Tanta felicità/ Felicitazioni!

Tanta felicità (literally, a lot of happiness) and felicitazioni! are phrases that can be applied to a variety of situations.

Whether you’re attending a wedding or a graduation ceremony, you can use them to let the friend know you wish them plenty of happiness in their future.

It’ll undoubtedly help to brighten everyone’s spirits at the occasion.

Cento di questi giorni!

This sentence, which means “a hundred of these days,” is viewed as the Italian equivalent of “many happy returns.”

Saying this to someone who is beginning a new chapter in their life shows your hope for them to have many more days filled with happiness and good luck.

Auguri!

Auguri! (well wishes) can be heard all around Italy on a range of happy occasions. The most prevalent use of this word is to express one’s best wishes.

Auguri! is also used by Italians to wish someone a happy birthday (Tanti auguri) or to celebrate holidays such as Christmas (tanti auguri di Buon Natale), Easter, and New Year’s.

While it isn’t a direct translation for “congratulations,” it is a wonderful way to recognize and appreciate joyful events in others’ lives.

How to say “congratulations” on specific situations

Engagements and weddings

You can simply say congratulazioni! or felicitazioni! to express your congratulations on someone’s engagement.

Or you might want to use the full sentence: Congratulazioni per il tuo fidanzamento.

(Use the plural phrase: Congratulazioni per il vostro fidanzamento if you’re addressing the pair.)

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Like we saw earlier, congratulazioni is the commonly used word to congratulate someone on their wedding.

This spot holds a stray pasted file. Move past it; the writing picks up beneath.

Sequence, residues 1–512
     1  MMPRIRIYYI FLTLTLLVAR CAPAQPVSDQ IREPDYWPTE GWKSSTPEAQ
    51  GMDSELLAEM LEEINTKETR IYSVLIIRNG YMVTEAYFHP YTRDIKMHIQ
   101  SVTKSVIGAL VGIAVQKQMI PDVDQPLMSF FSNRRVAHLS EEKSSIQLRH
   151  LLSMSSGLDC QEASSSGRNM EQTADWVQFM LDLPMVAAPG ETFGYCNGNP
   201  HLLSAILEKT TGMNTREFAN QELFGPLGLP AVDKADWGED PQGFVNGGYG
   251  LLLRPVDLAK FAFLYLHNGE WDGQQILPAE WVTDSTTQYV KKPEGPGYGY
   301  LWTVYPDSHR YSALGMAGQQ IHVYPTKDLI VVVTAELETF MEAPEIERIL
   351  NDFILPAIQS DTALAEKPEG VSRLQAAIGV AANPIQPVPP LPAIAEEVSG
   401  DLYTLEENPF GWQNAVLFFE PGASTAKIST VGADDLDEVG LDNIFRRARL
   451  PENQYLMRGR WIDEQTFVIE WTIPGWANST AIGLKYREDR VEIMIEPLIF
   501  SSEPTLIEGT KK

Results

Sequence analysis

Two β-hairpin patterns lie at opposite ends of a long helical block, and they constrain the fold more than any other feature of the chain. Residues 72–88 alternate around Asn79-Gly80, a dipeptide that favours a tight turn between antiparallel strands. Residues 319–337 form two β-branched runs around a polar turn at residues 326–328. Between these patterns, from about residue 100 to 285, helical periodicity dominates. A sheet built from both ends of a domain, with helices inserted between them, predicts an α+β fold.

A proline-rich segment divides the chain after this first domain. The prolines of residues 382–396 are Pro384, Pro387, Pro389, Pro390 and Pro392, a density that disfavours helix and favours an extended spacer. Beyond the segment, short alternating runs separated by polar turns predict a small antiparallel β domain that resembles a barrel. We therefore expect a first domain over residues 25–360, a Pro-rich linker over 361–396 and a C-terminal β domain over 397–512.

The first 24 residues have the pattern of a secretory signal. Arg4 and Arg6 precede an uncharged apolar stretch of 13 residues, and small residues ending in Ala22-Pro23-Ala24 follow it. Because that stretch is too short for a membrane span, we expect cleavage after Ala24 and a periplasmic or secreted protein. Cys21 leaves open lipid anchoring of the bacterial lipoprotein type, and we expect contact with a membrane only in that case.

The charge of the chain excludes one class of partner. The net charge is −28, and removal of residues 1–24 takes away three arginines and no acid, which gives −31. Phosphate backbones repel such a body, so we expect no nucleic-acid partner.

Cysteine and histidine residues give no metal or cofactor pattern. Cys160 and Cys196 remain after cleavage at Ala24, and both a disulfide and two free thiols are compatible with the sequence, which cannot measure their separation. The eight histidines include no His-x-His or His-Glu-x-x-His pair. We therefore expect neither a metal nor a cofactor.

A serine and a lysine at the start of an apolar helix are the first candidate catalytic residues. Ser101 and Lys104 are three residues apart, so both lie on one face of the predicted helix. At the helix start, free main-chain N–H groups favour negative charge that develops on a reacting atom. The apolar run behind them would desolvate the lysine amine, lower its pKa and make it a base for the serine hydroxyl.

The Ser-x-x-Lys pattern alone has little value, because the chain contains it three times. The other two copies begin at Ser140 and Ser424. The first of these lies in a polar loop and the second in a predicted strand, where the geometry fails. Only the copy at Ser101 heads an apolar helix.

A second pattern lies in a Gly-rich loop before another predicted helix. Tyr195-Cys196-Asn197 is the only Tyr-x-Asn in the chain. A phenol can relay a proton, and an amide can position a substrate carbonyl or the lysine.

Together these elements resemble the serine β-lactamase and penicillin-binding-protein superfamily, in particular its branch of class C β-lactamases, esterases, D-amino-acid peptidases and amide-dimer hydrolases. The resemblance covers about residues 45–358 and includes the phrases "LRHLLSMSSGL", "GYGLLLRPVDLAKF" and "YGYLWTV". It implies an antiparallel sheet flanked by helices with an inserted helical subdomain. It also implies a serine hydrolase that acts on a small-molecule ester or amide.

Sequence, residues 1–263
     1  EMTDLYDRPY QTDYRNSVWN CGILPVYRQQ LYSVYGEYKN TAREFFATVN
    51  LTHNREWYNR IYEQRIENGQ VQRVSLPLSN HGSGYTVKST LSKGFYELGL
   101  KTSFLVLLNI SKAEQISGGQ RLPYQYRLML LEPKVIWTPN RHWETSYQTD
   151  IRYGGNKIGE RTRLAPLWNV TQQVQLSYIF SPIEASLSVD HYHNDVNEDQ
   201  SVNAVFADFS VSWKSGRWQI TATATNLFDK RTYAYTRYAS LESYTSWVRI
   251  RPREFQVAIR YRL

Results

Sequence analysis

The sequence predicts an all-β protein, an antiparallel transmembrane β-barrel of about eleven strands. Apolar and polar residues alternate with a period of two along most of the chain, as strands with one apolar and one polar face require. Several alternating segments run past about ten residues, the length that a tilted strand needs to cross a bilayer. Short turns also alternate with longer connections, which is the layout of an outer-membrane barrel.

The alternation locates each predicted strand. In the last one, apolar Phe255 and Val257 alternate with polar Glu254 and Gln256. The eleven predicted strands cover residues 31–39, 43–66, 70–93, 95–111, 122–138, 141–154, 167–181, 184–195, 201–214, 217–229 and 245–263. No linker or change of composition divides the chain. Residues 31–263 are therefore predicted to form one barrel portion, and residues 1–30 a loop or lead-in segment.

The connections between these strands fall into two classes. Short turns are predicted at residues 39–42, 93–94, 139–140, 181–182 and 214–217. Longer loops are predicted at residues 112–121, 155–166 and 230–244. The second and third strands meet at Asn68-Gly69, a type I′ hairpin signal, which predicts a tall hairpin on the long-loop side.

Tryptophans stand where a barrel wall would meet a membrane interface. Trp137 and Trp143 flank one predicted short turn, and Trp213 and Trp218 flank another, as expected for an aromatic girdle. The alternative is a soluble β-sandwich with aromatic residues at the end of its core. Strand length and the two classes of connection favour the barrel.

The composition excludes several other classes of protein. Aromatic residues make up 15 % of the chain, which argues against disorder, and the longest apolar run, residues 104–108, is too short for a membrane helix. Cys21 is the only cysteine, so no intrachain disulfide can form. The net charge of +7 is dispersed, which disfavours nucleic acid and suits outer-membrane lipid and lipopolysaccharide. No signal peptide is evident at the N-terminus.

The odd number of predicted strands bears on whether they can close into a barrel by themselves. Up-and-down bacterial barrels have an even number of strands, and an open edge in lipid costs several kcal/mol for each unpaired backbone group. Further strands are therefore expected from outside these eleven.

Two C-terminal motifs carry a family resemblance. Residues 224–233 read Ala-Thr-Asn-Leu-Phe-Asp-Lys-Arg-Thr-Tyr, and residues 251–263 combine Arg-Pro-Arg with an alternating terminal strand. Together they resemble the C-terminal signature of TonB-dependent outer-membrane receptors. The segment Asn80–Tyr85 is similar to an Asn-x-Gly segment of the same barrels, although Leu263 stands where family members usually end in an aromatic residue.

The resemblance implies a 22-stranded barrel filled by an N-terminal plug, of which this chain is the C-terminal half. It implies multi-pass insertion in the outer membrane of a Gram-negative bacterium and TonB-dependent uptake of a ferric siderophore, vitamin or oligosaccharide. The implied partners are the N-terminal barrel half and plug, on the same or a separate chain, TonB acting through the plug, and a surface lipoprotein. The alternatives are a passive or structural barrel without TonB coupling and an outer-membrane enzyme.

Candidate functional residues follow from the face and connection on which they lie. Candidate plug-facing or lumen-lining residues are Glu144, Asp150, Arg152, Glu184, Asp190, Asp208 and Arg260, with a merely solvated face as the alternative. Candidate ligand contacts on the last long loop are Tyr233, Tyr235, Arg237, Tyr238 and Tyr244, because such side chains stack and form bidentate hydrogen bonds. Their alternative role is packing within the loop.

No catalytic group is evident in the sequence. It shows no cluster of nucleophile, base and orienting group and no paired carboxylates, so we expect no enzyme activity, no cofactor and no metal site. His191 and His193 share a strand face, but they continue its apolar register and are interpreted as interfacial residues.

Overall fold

However, there are a few other ways to express your warmest greetings on this important day.

Over a brindisi (“toast”), the group of guests will usually shout viva gli sposi! (“long live the spouses”) or evviva! (“hurray” or “cheers”). They’ll say cin cin as they clink their glasses.

In a wedding message, maybe on a card, you can consider writing tante belle cose! (“many beautiful things”). It’s an abbreviation of ti/vi auguro tante belle cose, which means “I wish you many wonderful things.”

The arrival of a baby

If you know someone who is expecting a baby, you’ll need some phrases to congratulate them.

Here are some phrases you might wish to say to new or expecting parents:

Congratulazioni/Felicitazioni/Auguri per la tua gravidanza.

Congratulations on your pregnancy.

Congratulazioni/Felicitazioni/Auguri per la dolce attesa.

Congratulations on the sweet expectation.

Congratulazioni/Felicitazioni/per la nascita.

Congratulations on the birth.

How to reply to congratulations in Italian?

There’s one more thing you should know about congratulations in Italian: how to reply to them.

When someone compliments you or wishes you well, it is polite to say thank you in any language.

It’s more than polite, it’s natural!

Here are a few options for responding to congratulations in Italian:

Grazie mille.

Thanks a million.

Ti ringrazio.

I thank you.

Ma grazie.

Why, thank you.

Sei gentile, grazie!

You’re kind, thank you!

However, don’t limit yourself to these four! Italians have a variety of ways to express their thanks, some of which are nonverbal.

Check out this post for more ways on how to say thank you in Italian.

Now you know how to say “congratulations” like a native!

Life is full of occasions to celebrate and offer someone your congratulations.

After learning such popular ways to say congratulations in Italian, you’ll be ready to express your happiness for others’ successes, whether it’s an engagement, graduation, or anything in between.

Remember to check also: Useful Italian colloquial words and expressions and 8 happy ways to say cheers in Italian.

Still translating in your head? Wanna speak Italian for real? Check out Stefano's courses to think directly in Italian and become fluent fast!

Maria

I was born in Italy but after graduating from University I decided to travel around the world. I loved Asia and that’s why I decided to move, first to South Korea and then to China where I am currently working as a teacher.